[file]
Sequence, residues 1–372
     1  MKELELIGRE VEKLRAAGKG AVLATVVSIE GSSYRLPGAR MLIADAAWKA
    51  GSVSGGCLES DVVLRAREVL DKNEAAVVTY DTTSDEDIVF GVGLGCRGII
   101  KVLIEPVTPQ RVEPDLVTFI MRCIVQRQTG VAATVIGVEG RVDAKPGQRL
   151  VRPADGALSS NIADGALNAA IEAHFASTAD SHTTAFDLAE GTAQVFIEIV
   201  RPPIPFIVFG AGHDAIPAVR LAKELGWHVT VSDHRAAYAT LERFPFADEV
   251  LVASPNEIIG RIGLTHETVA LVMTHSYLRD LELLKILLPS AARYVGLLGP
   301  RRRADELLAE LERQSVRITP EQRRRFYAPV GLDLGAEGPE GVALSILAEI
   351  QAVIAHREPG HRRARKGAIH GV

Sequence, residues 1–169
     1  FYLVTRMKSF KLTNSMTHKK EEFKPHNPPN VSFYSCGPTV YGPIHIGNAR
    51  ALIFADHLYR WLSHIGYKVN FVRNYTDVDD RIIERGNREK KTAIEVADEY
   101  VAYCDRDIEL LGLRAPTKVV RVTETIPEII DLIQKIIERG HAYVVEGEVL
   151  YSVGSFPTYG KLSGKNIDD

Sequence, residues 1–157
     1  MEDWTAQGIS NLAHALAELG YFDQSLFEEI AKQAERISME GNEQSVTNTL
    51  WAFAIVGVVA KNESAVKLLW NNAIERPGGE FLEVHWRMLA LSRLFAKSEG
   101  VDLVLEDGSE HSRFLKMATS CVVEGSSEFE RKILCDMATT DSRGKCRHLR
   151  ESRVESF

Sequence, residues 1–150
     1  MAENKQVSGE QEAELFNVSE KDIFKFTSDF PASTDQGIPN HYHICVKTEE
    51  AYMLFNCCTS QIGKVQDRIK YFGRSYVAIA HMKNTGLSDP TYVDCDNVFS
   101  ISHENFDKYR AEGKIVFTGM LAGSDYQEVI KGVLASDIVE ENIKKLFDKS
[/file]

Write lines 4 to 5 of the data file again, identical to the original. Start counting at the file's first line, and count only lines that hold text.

   101  KVLIEPVTPQ RVEPDLVTFI MRCIVQRQTG VAATVIGVEG RVDAKPGQRL
   151  VRPADGALSS NIADGALNAA IEAHFASTAD SHTTAFDLAE GTAQVFIEIV